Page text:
UCSD administrators announced earlier this month that the university is creating a food pantry at the Old Student Center that will provide nonperishable, free food to all UCSD students on Oct. 2. Construction is expected to begin in early fall this year, enabling the food pantry to open by Winter Quarter 2015.
A.S. President Robby Boparai told the UCSD Guardian that the pantry will be open at least three days a week at varying hours each day in order to serve as many students as possible. The pantry will offer a variety of nonperishable foods such as canned goods and pasta.
After seeing the results of a recent survey, which indicated that 35 percent of UCSD students were skipping meals “somewhat often” and “often,” a group of UCSD entities collaborated with administrators to formulate the idea of the food pantry. Some of the key parties involved include then-interim Vice Chancellor of Student Affairs Alan Houston, Muir Dean of Student Affairs Patty Mahaffey, the Financial Aid office and A.S. Council.
“As cost of living and college expenses increase, some students are faced with difficult decisions as to how their money will be allocated,” interim University Centers Director Sharon Van Bruggen said. “Establishing a food pantry on campus will provide needed relief to students who may not have nutritious and varied food options on a daily basis.”
Although the food pantry will be open to all students, A.S. Council has been charged with making sure that the service is meeting its target community. It will also trust students to take only as much as they need.
In terms of funding, the VCSA office originally provided $50,000 to the A.S. Council for initial construction costs, while the A.S. Council itself will cover the costs of employment and supplies of the food pantry for the duration of this school year. Despite its tight budget, the A.S. Council feels that solving student hunger is a priority.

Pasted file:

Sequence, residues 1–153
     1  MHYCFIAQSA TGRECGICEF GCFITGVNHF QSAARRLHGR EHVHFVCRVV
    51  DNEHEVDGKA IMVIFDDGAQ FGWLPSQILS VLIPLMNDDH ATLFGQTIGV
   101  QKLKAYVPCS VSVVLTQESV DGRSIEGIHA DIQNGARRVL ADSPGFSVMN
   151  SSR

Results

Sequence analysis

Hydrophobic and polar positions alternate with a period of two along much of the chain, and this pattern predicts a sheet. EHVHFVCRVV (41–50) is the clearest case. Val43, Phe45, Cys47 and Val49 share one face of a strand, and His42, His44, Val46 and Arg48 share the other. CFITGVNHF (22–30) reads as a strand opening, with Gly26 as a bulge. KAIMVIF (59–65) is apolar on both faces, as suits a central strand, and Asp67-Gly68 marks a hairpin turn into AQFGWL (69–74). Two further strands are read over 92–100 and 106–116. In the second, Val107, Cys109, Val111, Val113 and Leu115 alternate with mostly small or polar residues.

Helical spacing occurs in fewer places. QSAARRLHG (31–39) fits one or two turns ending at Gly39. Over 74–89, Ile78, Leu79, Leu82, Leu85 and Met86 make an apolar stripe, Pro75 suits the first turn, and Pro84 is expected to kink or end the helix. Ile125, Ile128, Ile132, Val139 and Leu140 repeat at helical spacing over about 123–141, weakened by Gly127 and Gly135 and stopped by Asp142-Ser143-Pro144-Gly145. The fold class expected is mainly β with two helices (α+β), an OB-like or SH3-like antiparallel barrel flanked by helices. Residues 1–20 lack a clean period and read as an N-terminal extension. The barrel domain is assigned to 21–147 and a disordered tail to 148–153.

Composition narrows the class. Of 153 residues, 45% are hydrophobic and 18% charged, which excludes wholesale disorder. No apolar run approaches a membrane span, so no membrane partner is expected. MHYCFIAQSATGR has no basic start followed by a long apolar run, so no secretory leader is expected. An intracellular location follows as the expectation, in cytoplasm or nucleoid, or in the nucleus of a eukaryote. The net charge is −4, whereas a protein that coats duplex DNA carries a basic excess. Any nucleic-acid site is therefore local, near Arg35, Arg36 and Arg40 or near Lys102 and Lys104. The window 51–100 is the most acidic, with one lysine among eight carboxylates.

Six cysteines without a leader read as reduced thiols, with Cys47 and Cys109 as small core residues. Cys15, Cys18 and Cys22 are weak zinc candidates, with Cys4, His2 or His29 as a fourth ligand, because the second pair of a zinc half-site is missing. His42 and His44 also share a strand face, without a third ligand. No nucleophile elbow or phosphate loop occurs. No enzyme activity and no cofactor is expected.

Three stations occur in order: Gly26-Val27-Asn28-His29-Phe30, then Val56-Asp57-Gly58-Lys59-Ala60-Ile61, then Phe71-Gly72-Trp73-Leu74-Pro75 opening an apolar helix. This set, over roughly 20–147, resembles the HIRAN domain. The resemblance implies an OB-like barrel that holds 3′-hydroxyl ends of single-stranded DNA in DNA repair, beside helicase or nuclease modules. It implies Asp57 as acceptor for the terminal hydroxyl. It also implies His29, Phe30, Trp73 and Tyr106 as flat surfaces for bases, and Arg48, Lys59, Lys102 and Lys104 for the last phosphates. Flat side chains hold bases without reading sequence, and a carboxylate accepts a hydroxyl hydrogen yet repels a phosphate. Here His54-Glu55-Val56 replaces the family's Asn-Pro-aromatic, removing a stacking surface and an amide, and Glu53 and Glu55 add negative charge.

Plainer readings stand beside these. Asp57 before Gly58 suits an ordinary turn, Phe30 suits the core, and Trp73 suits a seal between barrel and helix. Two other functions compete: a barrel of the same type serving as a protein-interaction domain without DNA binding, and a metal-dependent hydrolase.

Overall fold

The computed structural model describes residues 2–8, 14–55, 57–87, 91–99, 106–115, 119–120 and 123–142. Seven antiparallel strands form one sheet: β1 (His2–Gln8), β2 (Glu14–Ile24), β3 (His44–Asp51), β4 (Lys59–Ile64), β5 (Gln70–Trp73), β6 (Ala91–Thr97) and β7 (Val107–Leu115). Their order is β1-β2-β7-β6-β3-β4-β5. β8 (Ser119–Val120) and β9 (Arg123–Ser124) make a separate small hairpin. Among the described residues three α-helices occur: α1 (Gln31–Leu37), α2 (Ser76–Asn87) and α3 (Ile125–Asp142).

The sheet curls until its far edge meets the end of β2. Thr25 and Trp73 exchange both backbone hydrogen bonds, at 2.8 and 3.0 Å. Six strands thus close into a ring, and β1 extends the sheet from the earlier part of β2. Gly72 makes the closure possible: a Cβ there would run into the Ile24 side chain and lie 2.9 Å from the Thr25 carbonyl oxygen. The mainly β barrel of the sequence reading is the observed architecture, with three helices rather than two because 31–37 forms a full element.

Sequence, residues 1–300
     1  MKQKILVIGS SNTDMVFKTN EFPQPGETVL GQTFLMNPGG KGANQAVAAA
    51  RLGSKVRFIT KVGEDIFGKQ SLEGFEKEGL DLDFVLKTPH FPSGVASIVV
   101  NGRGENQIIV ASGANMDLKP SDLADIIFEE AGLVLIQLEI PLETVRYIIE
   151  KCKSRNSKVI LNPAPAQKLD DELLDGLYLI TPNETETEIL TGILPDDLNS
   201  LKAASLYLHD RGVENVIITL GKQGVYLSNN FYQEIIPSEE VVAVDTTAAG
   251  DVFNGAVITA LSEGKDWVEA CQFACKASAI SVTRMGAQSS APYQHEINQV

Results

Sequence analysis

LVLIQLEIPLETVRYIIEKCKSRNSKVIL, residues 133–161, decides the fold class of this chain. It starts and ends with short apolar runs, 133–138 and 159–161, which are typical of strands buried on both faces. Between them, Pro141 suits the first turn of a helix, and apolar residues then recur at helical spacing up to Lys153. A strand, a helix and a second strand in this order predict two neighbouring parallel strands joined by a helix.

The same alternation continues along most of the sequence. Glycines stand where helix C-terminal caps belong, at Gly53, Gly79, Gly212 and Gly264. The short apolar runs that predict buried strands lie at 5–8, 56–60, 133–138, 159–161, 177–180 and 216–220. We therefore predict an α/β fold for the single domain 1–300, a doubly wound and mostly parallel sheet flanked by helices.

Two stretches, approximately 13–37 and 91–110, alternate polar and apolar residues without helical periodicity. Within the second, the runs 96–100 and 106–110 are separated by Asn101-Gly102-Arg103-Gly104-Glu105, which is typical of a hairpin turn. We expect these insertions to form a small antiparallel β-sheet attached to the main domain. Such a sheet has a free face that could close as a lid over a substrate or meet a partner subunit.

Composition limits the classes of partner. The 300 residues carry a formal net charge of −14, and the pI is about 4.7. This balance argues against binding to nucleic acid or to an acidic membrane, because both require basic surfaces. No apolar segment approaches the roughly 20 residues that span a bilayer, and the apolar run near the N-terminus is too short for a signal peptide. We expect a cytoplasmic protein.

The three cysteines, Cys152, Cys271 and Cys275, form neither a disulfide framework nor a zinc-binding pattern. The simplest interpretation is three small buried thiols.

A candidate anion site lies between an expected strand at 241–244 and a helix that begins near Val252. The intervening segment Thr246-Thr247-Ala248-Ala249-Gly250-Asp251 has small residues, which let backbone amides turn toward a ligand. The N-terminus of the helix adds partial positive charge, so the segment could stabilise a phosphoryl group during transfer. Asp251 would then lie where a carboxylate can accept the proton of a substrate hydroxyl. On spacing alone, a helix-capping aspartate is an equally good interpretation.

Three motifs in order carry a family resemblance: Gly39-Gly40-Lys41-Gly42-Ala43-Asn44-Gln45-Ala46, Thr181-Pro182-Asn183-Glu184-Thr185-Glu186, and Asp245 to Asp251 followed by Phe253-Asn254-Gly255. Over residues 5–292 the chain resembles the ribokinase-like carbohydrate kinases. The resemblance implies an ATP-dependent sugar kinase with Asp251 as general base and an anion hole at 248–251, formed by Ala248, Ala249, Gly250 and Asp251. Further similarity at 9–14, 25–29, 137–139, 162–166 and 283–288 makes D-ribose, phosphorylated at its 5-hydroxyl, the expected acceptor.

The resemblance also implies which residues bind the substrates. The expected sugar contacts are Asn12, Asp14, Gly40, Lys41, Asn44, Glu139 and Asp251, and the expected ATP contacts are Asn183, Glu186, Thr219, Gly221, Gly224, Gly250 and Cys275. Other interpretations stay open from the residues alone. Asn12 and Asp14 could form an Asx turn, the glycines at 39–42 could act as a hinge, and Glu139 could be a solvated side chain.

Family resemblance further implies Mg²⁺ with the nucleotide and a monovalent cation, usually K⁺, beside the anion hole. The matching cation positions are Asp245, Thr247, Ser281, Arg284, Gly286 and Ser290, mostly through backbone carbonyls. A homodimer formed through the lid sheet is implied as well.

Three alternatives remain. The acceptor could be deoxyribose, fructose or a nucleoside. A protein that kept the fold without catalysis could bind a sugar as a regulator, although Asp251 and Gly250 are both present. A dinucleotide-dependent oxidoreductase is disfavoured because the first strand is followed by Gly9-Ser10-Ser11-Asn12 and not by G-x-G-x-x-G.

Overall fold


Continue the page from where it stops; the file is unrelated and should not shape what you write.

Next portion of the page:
“It’s not about saving money any more. This is about providing a resource,” Boparai said.
Boparai also said that the Council hopes that some of its campus partners will volunteer to join it and take on some of the expenses, either temporarily or permanently.
The A.S. Council expects to hire two student employees who will manage both the pantry and a group of volunteers. In addition to helping sustain the pantry, it sees this as a strong opportunity for those interested in being a part of the A.S. Council in the future.
In order to better gauge the needs of the student body, the A.S. Council will conduct anonymous surveys of those who visit the food pantry. It hopes that this will help identify the root cause of student hunger and consequently increase its chances of solving it in the long run.
“We want the food pantry to be a short-term fix for individuals who are experiencing food insecurity,” Boporai said. “But also to become a long-term fix for the campus as a whole by continuing to serve as a safety net for these individuals.”